México - Marcar México

Términos internacionales de comercio (Incoterms):DDP
Todos los precios incluyen los costos de aranceles y aduana para los métodos de envío seleccionados.

Confirme su elección de moneda:

Dólares estadounidenses
Envío sin cargo para la mayoría de los pedidos superiores a $100 (USD)

Bench Talk for Design Engineers

Bench Talk

rss

Bench Talk for Design Engineers | The Official Blog of Mouser Electronics


How Technology Companies Can Help Build a “Can Do” Generation Mike Parks
“Young people in Britain have become a lost generation who can no longer mend gadgets and appliances because they have grown up in a disposable world.” I recently came across this quote in an article from the U.K. publication ‘The Telegraph’ in a story that discussed the lack of ‘fix it’ ability in younger generations. This notion is attributed to Danielle George, a Professor of Radio Frequency Engineering at the University of Manchester. I certainly agree that, in concept, as electronic devices have gotten smaller, more robust, and cheaper, we as a society (not just 'young people') have collectively bought into the ‘replace-not-repair’ mindset. In addition, we live in an era where like clockwork a new iPhone is delivered every 12 months. We sometimes choose to replace an older broken device for a new one simply to gain access to new features only available in the newer models. Has this coalesced into a generation that can’t repair anything that breaks? Perhaps.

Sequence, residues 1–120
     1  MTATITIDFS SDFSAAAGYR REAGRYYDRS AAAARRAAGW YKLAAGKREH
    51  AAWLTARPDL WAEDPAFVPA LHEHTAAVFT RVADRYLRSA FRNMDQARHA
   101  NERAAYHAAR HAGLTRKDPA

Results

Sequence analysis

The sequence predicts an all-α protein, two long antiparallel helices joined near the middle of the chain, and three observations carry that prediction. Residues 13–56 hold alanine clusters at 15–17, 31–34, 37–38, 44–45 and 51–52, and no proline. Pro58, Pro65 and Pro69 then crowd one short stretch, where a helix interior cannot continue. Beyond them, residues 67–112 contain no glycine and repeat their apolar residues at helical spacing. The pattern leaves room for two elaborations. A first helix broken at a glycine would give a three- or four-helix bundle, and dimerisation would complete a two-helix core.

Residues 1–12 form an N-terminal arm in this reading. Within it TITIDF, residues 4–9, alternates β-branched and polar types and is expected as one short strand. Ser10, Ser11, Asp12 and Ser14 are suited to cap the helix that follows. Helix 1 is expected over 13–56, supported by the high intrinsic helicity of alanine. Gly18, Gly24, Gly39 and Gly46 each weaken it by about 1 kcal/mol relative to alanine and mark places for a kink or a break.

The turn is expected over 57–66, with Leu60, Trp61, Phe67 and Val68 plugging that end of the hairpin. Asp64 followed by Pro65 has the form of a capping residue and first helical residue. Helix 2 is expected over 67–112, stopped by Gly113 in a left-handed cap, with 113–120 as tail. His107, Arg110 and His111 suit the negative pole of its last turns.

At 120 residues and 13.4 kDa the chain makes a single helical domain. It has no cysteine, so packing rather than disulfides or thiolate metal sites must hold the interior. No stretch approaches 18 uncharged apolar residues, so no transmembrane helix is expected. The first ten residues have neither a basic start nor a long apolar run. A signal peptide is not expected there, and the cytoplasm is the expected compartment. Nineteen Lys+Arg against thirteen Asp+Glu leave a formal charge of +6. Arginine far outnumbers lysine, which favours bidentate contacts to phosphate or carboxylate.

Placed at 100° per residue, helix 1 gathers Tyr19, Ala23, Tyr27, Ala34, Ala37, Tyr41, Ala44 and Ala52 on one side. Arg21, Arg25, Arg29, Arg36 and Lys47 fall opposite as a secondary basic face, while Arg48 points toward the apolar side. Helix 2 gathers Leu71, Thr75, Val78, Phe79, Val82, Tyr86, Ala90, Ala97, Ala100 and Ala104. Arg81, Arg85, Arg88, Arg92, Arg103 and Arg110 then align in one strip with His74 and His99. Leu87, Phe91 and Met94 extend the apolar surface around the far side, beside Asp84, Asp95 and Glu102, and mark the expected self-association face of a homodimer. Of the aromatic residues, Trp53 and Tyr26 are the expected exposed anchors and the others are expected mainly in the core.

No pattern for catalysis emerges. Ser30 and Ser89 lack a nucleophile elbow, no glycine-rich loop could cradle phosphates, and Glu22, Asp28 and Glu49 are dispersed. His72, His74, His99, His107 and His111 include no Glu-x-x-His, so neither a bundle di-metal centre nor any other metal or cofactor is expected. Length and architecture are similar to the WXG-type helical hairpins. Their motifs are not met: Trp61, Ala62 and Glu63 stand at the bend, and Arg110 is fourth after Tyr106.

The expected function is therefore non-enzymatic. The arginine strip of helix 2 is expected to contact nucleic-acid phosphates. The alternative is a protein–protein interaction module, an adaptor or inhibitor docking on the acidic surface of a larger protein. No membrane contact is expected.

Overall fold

Unique Units and Brilliant Reductions Caroline Storm Westenhover
I love units of measurement: how you can multiply and divide unit Y by unit X and get unit J or W. If you know the units you want, you can look at the information you have and figure out how to get the answer you want just by cancelling units or introducing new ones. Clearly, this is limited to the realm where I am given enough information to solve a problem without experimentation.

Journal of a Newbie Maker Colin Carter
I’ll cut right to the chase here: I’m not an engineer. By education, I’m a technical writer. By pastime, I’m a musician, homebrewer, reader, cyclist, record collector, house cleaner, and animal lover. In the past couple of years, I’ve added the mantle of maker. Or tinkerer. Or DIYer. Whatever you want to call it, I built a circuit from a handful of components — and it works! You may remember your first successful build and your sense of accomplishment. Here’s my story.

Google Finally Lands Squarely in the IoT Domain Barry Manz
Not much has been heard about IoT from Google after it acquired Nest (and its thermostat, smoke detector and Dropcam connected security cameras) but that came to an end in May. At the Google I/O developer’s conference, the company announced the Android-based Brillo operating system and the protocol Weave that will let Brillo-enabled devices communicate with each other. A developer preview of Brillo is coming in the third quarter and Wave in the fourth quarter. In case you’re wondering, Google chose the name Brillo as it’s a “scrubbed” version of Android. As Google always thinks big, the idea is that your “smart home” will be controlled by Android devices that talk to each other and have access to servers in the cloud.